Dominik Piétron 

Humboldt University Berlin

Dominik Piétron is a research associate at the Department of Social Sciences at Humboldt University Berlin and the Einstein Center for Digital Future. He works on the political economy of digital capitalism with a special focus on data and platform infrastructures. His main research interest is the embedding of digital technologies for socio-ecological transformations. Dominik helped build an open source platform for the social welfare sector and is a member of the Alliance Digital City Berlin, which seeks to promote democratic debate around digitization conflicts at the municipal level.  

Maria Savona 

Luiss University

Maria Savona is Professor of Applied Economics at the Department of Economics at LUISS University, Rome and Economics of innovation at SPRU, Science Policy Research Unit at the University of Sussex, UK. She was previously at the University of Cambridge, UK, Universities of Strasbourg and Lille 1, France. Her research focuses on the effects of technical change and innovation on employment and wage inequality; innovation and industrial policy; barriers to innovation; the structural change of the sectoral composition of economies, particularly the emergence of global value chains in services. More recently, she works on the governance of data and policies to redistribute data-value. 

She has led and co-led several grants funded by the EC, ESRC, Joseph Rowntree Foundation, Greater London Authority, IDRC. She has advised the IADB; ECLAC; UN ESCAP; OECD; NESTA; BEIS, DETI. She is an Editor for Research Policy, Journal of Evolutionary Economics, Economia Politica, and a former member of the High Level Expert Group on the Impact of Digital Transformation on EU Labour Markets for the European Commission.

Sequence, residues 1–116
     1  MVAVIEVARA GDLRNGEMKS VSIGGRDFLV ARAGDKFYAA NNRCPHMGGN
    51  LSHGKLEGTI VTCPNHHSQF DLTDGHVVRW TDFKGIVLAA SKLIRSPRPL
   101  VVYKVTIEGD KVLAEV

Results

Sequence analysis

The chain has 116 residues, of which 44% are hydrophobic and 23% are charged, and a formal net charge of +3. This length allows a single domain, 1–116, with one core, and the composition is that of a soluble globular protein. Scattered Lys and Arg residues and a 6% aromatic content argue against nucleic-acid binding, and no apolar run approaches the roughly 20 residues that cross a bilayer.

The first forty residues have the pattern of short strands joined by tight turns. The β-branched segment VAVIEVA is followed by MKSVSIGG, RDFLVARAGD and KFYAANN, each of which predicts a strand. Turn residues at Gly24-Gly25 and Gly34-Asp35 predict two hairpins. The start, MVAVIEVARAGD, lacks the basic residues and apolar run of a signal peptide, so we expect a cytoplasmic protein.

She has been involved in keynote talks and expert panels by the EC, the UK Department of Industry and Trade, the UKRI, ECLAC, UNDESA, EY, EC JRC, NESTA, Microsoft and Aspen Institute, OECD and Volkswagen Foundation, Bruegel, The German Marshall Fund of the US. 

She is part of the engagement and impact steering committee of The Productivity Institute. She is Vice-President of the International Joseph A. Schumpeter Society. She is co-leading the H2020 PILLARS (Pathways to Inclusive Labour Markets). 

Linnet Taylor 

Tilburg Institute for Law, Technology and Society

Linnet Taylor is Professor of International Data Governance at the Tilburg Institute for Law, Technology, and Society (TILT), where she leads the ERC-funded Global Data Justice project, seeking to understand the different perspectives worldwide on what constitutes just treatment through data technologies. Her research focuses on the use of new sources of digital data in governance and research around issues of human and economic development. She was previously a Marie Curie research fellow in the University of Amsterdam’s International Development faculty, and a postdoctoral researcher at the Oxford Internet Institute. She holds a DPhil in International Development from the Institute of Development Studies, University of Sussex.

Stefaan Verhulst 


Dr. Stefaan G. Verhulst is an expert in using data and technology for social impact. He is the Co-Founder of several research organizations including the Governance Laboratory (GovLab) at New York University, which focuses on using advances in science and technology to improve decision-making and problem-solving. He is also the Editor-in-Chief of the open-access journal Data & Policy and has served as a member of several expert groups on data and technology, including the High-Level Expert Group to the European Commission on Business-to-Government Data Sharing and the Expert Group to Eurostat on using Private Sector data for Official Statistics. Dr. Verhulst has been recognized as one of the 10 Most Influential Academics in Digital Government globally. He has published extensively on these topics, including several books, and has been invited to speak at international conferences, including TED and the UN World Data Forum. He is asked regularly to provide counsel on data stewardship to a variety of public and private organizations.

Adrian Fiedler
City of Hamburg, Department for IT and Digitalisation

Adrian Fiedler is the Project Lead for the City of Hamburg. He is the Deputy Head of Digital Strategies in the Department for IT and Digitalisation within the Senate Chancellery.